| Traders from Sikkim on their way across the border to gauge the trade potential. Picture by Ashit Rai
Nathu-la (TAR, China), July 6: Formalities of the inaugural ribbon-cutting ceremony, speeches and exchange of greetings over by half-past nine this morning on the open border located at 14,400 feet, the human barricade of the People's Liberation Army gave way to officials of the Indian side led by Sikkim chief minister Pawan Chamling who crossed over to interact with their new-found friends.
A little further inside, within the 50-metre radius where 10 Indian journalists ' among them this correspondent ' were allowed, a line of 89 Tibetan traders dotted one side of the road clad in their traditional attire braving the freezing drizzle and mist. They had reached here early from hamlets and towns located within 30 km, among them Shyasima, Thomu, Yadong, Renquinggang (Rinchingang in Chinese) and Chumbithang.
The arrangements here looked more organised than the chaos and confusion that reigned on the Indian side, where media personnel jostling for space to get their share of the coverage often entered into squabbles in full glare of the PLA soldiers and traders. The civil administration, army and the Indo-Tibetan Border Police worked hard to control the swelling crowd that thronged the Line of Actual Control to set foot on Chinese soil.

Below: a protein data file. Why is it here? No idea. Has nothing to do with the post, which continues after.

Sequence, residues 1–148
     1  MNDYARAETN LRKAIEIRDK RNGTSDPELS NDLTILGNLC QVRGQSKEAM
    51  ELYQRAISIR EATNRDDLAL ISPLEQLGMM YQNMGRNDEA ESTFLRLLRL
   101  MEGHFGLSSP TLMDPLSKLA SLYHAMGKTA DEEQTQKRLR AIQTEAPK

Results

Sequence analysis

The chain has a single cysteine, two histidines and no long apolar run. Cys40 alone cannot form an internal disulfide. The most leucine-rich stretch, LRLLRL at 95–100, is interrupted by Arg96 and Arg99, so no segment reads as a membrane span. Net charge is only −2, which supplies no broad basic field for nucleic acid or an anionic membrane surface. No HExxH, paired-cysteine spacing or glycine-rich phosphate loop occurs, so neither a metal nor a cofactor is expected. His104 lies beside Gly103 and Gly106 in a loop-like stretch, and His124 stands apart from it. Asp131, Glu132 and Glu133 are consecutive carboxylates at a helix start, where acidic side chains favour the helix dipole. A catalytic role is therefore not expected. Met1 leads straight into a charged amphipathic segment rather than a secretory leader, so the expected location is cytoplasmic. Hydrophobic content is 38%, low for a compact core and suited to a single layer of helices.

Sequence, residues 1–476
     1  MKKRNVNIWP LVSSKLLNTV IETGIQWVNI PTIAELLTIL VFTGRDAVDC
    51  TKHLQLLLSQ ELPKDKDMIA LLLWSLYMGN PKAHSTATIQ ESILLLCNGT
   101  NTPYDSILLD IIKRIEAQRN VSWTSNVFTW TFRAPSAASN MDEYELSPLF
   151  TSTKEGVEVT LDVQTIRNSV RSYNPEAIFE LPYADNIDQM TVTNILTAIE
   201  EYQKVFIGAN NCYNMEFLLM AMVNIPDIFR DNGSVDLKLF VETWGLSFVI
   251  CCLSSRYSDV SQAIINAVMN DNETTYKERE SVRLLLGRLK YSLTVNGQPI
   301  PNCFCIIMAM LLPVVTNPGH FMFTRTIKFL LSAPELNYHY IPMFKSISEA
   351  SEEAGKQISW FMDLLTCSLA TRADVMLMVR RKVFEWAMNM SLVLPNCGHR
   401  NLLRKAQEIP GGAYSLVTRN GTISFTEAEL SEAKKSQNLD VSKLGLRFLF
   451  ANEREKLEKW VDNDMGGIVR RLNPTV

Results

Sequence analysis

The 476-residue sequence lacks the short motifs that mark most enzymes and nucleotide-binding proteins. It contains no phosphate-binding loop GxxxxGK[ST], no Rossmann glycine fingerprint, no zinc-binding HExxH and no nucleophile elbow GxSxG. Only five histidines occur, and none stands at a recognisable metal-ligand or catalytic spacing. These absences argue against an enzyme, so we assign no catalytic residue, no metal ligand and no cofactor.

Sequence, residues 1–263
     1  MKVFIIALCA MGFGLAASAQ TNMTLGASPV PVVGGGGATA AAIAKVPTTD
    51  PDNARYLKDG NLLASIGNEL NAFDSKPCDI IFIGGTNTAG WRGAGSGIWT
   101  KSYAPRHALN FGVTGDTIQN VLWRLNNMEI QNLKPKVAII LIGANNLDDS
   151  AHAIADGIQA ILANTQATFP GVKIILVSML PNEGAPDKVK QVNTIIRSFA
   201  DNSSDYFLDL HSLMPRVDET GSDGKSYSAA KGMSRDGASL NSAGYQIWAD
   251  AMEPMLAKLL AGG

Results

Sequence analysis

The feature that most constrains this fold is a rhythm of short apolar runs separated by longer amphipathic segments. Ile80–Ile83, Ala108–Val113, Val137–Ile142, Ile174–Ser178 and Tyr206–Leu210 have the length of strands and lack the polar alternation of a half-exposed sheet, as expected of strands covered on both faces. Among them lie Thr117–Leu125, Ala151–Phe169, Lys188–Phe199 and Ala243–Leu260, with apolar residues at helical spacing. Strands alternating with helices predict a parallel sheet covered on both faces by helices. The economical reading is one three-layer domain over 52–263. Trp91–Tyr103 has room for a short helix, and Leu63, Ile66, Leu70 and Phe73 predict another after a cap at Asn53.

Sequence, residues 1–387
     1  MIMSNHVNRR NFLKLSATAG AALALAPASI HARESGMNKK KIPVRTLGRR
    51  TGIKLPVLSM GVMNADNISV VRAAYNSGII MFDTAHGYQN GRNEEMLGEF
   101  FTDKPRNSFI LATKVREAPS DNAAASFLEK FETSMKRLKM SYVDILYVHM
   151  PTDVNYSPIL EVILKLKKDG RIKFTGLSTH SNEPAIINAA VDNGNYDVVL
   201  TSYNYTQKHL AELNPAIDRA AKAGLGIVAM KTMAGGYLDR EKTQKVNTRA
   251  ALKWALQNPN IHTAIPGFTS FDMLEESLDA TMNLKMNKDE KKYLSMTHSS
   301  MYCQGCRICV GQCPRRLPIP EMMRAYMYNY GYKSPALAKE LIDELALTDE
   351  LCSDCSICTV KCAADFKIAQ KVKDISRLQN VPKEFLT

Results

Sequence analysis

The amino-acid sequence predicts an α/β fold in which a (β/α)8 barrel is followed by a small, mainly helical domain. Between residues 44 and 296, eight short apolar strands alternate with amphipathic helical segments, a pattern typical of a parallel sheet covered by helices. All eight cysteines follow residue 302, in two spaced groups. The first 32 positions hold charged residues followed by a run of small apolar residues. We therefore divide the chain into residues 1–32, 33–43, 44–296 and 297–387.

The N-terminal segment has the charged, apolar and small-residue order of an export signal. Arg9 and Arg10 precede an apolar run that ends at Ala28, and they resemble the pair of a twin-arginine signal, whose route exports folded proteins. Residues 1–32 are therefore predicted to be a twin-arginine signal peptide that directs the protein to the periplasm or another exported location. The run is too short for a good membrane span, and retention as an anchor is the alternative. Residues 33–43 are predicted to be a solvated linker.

Another 30 metres inside, a PLA band played Chinese tunes. Smoking 'Chill Out' brand cigarettes manufactured by the Chengdu cigarette factory, two traders Tashi and Tshering said they were very happy to be part of the trade after 44 years since it was closed in 1962. They, however, did not have any items to carry for their first journey to Sherathang, seven kilometres on the Indian side where the trade mart is located.
'We have come to see the prospects in India so we know what we can sell among the 15 items listed for export from our side,' said Tsering Chedu, a stocky woman who owns a provision store in Shyasima and leader of the delegation of 89 traders to Sherathang.
Unlike the traders from Tibetan Autonomous Region (TAR), who wanted to see for themselves before making deals in hard cash, the Indian side already saw foreign exchange transactions worth $10,000 on Day 1. Some 57 of the 100 traders who headed for Rinchingang today had purchased $10,000 from State Bank of India's Gangtok branch and the branch at Sherathang since yesterday, according to SBI manager Tenzing Chewang.
Among the entourage of traders from Sikkim was octogenarian Motilal Lakhotia, who, after a gap of 44 years, walked down memory lane. 'I am very happy to be going back. I plan to locate old friends, business partners and also check if my old account at the bank in Yatung still exists,' said Lakhotia, the proprietor of Sikkim Tibet Trading Company, who exported items on mule caravans since 1954 before the route closed.
Accompanying him is second generation traders like S.K. Sarda, the president of the Sikkim Chamber of Commerce. Sarda, who hails from one of the oldest Tibet-trade families in the state, plans to continue his father P.C. Sarda's business.
Earlier at the inaugural function, Chamling said the event was the 'realisation of a dream' and it would mark the beginning of a new era in the relationship between the two economic powers.